June 22, 2024

March Sadness: First and second round of NCAA Tournament

The first two rounds of this year’s March Madness have left many teams in utter euphoria, but Matt Raymond doesn’t want to forget those heartbroken teams that lost. Relive all the heartbreak in this week’s installment of March Sadness.

Photo by Jeff Turner, courtesy of creativecommons.org. No changes made.

Photo by Jeff Turner, courtesy of creativecommons.org. No changes made.

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So, the first two rounds of the tournament are over and they have been nothing short of incredible. There have been upsets galore, and your bracket is surely busted. There is no use in arguing otherwise. I can 100 percent guarantee your bracket is all but done for. It was fun while it lasted. However, if you are one of those very few that still maintains a solid bracket, then congratulations on being lucky. There is no way you could have predicted this.

The Saddest of the Sad

It only took us until the First Four to have our first return customer in Vanderbilt. Although the Commodores took a very bad loss to Tennessee in the SEC Tournament, they still earned a spot in the NCAA Tournament as a No. 11 seed with a play-in game against the Wichita State Shockers. In a shockingly one-sided game, the Shockers shocked the Commodores and set themselves up with a first-round date against Arizona.

When filling out your bracket, everyone knows to pick a 12-over-5 upset in the first round. In fact, only three times in the past 31 years have all the No. 5 seeds advanced to the round of 32. There were no shortage of quality No. 12 seeds this year, with the Yale Bulldogs being one of them. For the first time in 54 years, the Bulldogs were going dancing. Yale had the upper hand over Baylor for much of the game, but things got interesting when the Bears made it a one-point game with 16 seconds to go. The Bulldogs held on by the skin of their teeth, setting the stage for an epic battle of the nerds against the Duke Blue Devils in the round of 32 (all in good fun, we all know they are going to be the ones running the world one day. Good job being smart, Duke and Yale).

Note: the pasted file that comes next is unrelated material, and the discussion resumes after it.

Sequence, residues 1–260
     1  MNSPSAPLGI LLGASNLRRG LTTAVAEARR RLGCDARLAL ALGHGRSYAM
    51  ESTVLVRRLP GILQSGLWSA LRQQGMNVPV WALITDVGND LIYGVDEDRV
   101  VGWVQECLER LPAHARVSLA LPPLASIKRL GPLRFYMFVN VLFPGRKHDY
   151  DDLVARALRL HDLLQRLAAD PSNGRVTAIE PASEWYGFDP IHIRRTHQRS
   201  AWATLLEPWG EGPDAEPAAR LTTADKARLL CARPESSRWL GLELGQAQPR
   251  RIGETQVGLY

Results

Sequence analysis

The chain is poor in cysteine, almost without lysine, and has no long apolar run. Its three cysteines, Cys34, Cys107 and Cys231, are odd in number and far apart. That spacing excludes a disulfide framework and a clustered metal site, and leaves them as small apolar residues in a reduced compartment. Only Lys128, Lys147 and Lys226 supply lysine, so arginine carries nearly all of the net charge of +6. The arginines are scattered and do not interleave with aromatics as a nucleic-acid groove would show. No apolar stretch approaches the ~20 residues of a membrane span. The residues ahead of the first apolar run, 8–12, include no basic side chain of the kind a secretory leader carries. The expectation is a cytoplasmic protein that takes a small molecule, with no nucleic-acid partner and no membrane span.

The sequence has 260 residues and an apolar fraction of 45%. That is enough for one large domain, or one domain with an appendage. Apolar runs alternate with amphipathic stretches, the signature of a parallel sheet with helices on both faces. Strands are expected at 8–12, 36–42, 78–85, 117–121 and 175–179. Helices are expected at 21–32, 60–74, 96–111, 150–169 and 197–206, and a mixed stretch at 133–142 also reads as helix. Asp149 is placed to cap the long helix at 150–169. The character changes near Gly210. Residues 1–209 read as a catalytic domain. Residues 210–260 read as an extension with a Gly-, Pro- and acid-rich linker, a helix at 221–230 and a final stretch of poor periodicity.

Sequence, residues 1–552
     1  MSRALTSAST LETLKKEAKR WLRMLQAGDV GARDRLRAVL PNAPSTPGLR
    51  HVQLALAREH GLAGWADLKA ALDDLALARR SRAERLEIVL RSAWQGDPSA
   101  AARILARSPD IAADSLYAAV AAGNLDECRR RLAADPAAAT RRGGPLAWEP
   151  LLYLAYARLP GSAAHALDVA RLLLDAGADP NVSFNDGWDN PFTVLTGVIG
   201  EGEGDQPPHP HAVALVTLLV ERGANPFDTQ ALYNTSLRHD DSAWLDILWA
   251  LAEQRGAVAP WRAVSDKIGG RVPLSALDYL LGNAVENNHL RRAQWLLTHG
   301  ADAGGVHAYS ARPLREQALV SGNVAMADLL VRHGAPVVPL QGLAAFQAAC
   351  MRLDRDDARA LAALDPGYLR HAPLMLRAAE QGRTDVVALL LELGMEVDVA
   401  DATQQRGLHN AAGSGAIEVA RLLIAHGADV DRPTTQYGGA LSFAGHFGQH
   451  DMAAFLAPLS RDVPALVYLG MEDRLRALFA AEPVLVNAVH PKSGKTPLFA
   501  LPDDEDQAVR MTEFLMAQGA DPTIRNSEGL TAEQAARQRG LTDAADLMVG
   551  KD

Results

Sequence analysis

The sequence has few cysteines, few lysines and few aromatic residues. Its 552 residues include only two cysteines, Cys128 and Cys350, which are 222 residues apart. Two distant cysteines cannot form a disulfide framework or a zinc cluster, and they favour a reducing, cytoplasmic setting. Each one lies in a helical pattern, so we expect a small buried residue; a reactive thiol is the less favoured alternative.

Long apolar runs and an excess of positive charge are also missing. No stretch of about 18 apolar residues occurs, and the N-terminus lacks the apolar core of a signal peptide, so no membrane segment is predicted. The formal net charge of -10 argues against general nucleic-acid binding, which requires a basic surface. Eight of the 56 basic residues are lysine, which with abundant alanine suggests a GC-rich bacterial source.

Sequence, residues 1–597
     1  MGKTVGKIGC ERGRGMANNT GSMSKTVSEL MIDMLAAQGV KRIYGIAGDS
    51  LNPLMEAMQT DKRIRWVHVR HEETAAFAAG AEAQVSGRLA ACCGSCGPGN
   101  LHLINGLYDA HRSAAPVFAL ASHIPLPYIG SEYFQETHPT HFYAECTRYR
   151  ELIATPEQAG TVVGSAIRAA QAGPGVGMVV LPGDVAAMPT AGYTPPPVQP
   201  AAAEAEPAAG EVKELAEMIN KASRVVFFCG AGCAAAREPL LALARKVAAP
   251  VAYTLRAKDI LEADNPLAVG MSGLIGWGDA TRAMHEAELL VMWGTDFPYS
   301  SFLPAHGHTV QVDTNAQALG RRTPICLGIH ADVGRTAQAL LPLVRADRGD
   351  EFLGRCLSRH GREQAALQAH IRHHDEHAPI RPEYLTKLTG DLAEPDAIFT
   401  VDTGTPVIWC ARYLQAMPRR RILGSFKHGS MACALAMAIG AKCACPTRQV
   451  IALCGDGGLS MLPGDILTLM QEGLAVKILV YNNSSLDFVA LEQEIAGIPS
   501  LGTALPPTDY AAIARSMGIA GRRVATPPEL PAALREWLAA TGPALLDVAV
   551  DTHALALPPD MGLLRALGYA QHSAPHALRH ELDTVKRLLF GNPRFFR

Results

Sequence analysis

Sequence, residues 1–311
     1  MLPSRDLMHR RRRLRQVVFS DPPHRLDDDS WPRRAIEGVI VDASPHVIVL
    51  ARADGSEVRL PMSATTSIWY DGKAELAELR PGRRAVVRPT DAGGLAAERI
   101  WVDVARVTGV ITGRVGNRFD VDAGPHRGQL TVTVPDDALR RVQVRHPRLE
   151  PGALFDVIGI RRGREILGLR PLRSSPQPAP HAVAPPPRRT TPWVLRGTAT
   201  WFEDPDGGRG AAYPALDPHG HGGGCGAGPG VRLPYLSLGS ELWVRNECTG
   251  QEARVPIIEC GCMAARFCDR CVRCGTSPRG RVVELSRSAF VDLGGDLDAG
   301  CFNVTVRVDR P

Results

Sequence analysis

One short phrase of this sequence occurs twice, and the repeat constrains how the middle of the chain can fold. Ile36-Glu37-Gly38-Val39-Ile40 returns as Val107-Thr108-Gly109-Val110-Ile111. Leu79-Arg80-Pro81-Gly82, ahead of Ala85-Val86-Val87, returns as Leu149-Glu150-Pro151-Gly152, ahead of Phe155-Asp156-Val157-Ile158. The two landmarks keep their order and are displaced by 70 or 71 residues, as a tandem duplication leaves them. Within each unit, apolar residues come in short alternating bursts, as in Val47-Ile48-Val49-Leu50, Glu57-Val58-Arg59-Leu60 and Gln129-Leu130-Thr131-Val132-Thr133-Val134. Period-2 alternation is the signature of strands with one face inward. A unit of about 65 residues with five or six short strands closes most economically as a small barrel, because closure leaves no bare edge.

The other No. 12 seed some people might have chosen for a first-round upset was Arkansas-Little Rock. The Trojans had an incredible season, losing only four games. They would play the Purdue Boilermakers, who were fresh off a loss to Michigan State in the Big Ten Championship. The styles of both teams differ vastly. Little Rock, one of the smallest teams in college basketball, had quite the challenge with Purdue and its incredibly talented seven-footers in AJ Hammons and Isaac Haas. The Trojans kept the game close in the first half, but Purdue was able to build a 63-49 lead with five minutes remaining in the game. Little Rock picked up the intensity and clawed their way back into the game before Josh Hagins made a vicious step-back three pointer from the March Madness logo to send the game into overtime. The game would eventually go into a second overtime, where the Trojans sealed the victory. Yet again, David prevails over Goliath.

As you may remember, West Virginia is sometimes referred to as “Press Virginia” for the full-court pressure they put on their opponents the entire game. Earning a very respectable No. 3 seed, the Mountaineers would matchup against Stephen F Austin University. To be perfectly honest, I do not know a lot about Stephen F. Austin, and I can only hope the F stands for “FPress” (the F is silent, of course) because they might be one of the few teams that does it better than West Virginia. One of the few things I do know about the Lumberjacks, however, is that they have made it to the tournament the past few years and have looked very good. I also know their star player, Thomas Walkup, embodies his team’s mascot very well. The game was very close during the first half, but coming out of the locker rooms, SFA went nuts, building a ten-point lead and never looking back. Walkup was key in the victory, scoring 33 of the Lumberjacks’ 70 points. Pretty much the only way this game could have been any more exciting is if the two mascots battled it out in a UFC match.